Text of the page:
A good-natured and surprisingly witty return for Spongebob, but one wrecked by an ending so heavy-handed and silly, it literally erases almost all positive feelings one can have towards the film.
Over ten years after his first big-screen adventure, the square-pants wearing sea-sponge known to all as the beloved Spongebob, finally returns. Alongside his army of dim-witted friends, the cult-favourite kid’s character leads a brand new feature-length adventure, promising more of the same self-referential laughs and bizarre hand-drawn animation that has made him a staple of children’s TV since the late 1990s. But now with multiple generations of fans to please, and a whole host of newer, competing franchises to trump, can the little yellow ocean-dweller still prove his worth in a world dominated by superheroes and princesses? The short answer is, sort of, but not really.
Waving off an impossibly-long time gap, Spongebob’s eventual big-screen sequel finds the quiet little ocean town of Bikini Bottom thrust into a cruel dystopian scenario, after Mr Krabs’ top-secret Krabby Patty recipe disappears during a scuffle with long-time nemesis Plankton. As, apparently, the town’s only hope of salvation, Spongebob and Plankton team-up to hunt down the missing burger formula, taking them on a friendship-fueled quest through the outer-reaches of time and space, where new alliances will be formed and old ones tested.
Huge-scale, genre-bending storylines aside, what makes the majority of Spongebob’s latest adventure something of a hit is its refusal to bend to more contemporary attitudes. Since launching in 1999 (yes, that long ago), the Spongebob Squarepants TV show has somehow kept its commendable balance of silly, low-rent laughs and weirdly satirical humour. A balance that has not only maintained its trademark young viewership, but also preserved its older fans as they grow into a more intelligent brand of comedy. For at least two thirds of Sponge Out of Water, veteran show writers Stephen Hillenburg and Paul Tibbitt land this familiar sense of multi-generational humour with honesty and ambition. The basic premise may be a slightly-worn re-jigging of a old episode or two, but the classic Spongebob charm is still there. That is, until the well-loved hand-drawn sequences shift rather jarringly into a live-action finale which, sadly and with no exaggeration, tanks the entire film.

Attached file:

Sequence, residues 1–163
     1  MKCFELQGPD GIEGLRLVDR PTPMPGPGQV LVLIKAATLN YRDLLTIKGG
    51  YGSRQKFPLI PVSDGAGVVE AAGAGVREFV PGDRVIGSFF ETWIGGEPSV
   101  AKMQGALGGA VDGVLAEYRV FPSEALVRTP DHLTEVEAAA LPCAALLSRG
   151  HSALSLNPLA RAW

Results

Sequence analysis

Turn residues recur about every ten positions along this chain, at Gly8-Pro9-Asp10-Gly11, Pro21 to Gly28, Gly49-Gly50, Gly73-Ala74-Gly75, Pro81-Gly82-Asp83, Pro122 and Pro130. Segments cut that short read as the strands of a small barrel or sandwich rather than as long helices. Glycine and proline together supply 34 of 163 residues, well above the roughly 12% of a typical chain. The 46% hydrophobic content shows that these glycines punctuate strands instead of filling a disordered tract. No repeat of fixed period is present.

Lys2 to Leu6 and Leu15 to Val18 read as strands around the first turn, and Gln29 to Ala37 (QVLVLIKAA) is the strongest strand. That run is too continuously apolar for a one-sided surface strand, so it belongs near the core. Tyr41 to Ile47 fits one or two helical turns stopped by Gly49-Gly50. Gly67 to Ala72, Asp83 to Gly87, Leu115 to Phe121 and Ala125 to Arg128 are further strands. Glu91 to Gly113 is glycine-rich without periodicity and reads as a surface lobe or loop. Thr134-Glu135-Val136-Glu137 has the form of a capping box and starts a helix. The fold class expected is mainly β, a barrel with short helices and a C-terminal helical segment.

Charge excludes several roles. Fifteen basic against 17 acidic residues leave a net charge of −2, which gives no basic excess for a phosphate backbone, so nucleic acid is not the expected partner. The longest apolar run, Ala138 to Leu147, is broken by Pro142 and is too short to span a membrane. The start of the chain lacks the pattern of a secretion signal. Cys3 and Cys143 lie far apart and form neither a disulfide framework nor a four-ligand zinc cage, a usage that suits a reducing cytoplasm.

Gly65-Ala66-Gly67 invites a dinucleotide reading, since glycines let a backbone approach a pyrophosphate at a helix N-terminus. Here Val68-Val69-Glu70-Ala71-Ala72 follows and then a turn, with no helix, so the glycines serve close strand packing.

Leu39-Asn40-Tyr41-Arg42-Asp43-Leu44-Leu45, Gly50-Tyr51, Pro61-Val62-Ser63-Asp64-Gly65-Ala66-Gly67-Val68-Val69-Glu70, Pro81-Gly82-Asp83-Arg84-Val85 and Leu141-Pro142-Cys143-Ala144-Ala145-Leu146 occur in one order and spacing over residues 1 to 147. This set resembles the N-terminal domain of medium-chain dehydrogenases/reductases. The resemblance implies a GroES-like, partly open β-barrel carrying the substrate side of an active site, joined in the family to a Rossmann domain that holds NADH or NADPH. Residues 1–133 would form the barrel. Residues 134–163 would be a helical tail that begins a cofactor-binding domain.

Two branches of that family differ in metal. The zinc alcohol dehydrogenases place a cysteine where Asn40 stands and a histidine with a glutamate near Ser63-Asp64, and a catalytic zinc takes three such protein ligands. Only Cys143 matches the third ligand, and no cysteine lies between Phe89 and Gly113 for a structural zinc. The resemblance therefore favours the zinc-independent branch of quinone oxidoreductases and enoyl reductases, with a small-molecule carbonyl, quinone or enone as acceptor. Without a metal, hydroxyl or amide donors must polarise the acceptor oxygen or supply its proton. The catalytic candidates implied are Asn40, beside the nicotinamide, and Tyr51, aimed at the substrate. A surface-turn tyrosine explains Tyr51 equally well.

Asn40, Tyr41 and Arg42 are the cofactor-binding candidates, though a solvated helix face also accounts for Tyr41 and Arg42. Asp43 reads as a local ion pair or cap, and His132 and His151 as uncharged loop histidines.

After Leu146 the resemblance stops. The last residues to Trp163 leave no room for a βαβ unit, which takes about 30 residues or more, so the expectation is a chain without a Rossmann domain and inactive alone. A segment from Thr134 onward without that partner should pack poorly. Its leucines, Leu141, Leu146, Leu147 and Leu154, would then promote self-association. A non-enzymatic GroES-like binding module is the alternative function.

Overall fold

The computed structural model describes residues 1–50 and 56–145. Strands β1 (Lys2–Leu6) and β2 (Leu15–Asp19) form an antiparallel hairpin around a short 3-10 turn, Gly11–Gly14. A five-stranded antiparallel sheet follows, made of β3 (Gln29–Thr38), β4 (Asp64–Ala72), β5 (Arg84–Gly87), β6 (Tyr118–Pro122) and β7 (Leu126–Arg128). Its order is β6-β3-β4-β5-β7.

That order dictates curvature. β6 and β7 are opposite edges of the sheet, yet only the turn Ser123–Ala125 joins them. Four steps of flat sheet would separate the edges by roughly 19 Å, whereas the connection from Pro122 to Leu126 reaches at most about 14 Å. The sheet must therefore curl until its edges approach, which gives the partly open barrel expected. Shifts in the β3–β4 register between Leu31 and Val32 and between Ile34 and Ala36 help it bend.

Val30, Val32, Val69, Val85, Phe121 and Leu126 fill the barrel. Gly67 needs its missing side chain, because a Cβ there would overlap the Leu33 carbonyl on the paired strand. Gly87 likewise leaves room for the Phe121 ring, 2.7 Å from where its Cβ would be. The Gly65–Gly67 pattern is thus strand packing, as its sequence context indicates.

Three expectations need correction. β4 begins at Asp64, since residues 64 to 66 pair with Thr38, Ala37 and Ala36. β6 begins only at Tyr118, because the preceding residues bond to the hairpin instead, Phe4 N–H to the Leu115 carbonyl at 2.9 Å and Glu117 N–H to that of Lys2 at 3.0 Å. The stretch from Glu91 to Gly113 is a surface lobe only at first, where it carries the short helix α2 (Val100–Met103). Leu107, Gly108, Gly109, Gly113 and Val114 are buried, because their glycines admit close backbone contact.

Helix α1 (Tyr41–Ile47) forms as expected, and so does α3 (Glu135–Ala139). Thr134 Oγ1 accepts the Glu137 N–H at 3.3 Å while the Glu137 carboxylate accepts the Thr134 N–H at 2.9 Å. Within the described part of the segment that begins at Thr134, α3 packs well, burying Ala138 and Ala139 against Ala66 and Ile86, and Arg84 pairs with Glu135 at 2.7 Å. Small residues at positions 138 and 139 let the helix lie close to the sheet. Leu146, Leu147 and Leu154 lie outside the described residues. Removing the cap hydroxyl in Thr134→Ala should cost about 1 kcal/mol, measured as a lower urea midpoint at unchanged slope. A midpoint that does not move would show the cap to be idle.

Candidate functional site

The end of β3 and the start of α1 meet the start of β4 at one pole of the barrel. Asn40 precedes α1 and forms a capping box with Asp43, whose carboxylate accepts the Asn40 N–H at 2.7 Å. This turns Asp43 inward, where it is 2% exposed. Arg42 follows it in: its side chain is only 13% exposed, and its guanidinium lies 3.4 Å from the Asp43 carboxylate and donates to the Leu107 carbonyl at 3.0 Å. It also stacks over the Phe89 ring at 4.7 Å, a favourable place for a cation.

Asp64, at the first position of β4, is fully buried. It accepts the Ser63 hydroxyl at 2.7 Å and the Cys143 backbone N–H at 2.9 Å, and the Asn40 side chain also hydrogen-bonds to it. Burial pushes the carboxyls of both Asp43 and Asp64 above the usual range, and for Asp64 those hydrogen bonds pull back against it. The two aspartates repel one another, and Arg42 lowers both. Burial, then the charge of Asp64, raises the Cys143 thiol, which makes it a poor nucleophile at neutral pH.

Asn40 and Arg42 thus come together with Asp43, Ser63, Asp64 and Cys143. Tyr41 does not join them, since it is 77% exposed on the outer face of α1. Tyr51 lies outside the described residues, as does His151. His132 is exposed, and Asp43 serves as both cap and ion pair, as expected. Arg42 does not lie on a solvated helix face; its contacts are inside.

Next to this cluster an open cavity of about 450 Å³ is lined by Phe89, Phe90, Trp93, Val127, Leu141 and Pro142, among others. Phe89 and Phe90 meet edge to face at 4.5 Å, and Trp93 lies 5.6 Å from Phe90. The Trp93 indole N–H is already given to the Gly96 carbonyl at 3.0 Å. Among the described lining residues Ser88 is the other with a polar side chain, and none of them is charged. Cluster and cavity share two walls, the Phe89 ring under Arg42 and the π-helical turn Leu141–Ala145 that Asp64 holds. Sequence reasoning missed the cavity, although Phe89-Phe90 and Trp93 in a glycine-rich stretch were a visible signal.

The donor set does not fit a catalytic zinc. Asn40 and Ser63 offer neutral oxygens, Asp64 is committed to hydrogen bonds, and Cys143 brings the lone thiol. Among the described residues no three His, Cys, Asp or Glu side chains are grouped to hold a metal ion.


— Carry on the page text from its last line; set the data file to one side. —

Antonia Banderas, dressed as a pirate. A team of poorly-animated seagulls, with diarrhea. Voiced by barely-existent “celebrities”. The contrast is so completely and honestly baffling that it actually manages to leave one feeling a little sick. As if that, somehow, they’ve been secretly drugged and then unceremoniously dragged unconscious into a neighbouring theatre and shown a completely different film entirely. Banderas and co. pop up gradually throughout the film in an oddly-plotted and entirely unnecessary framing device, but it’s only when the film reaches its climax, that the true horrors of his character become known. Every single drop of originality that director Tibbitt was holding on to disappears in an instant, as the show’s beloved characters morph into (no word of a lie) superheroes. The film’s final act is thus left as a mess of strangely-animated action sequences, resulting in a conclusion so limp and tasteless, any memory of enjoying any part of the film is almost completely erased.
In its best moments, Sponge Out of Water is a gallant reminder of the powers of 90’s television: a beautifully-drawn, self-mocking nostalgia trip that bounces playfully off of the likes of Douglas Adams and others. At its worst, it is a positively unbearable exploration of everything wrong with lowest-common-denominator-based entertainment. Kids may still marvel at the outlandish designs and inventive colours, but ultimately, if they too are fans of the iconic yellow sponge, such an obtuse and needlessly whimsical ending will most likely anger even them. Surprisingly enough, Spongebob’s eventual return to the big-screen had plenty of potential, all that it’s missing is an ending that doesn’t make you want to tear out your own eyes in protest.
The Spongebob Movie: Sponge Out of Water (2015), directed by Paul Tibbitt, is released in UK cinemas by Paramount, Certificate U.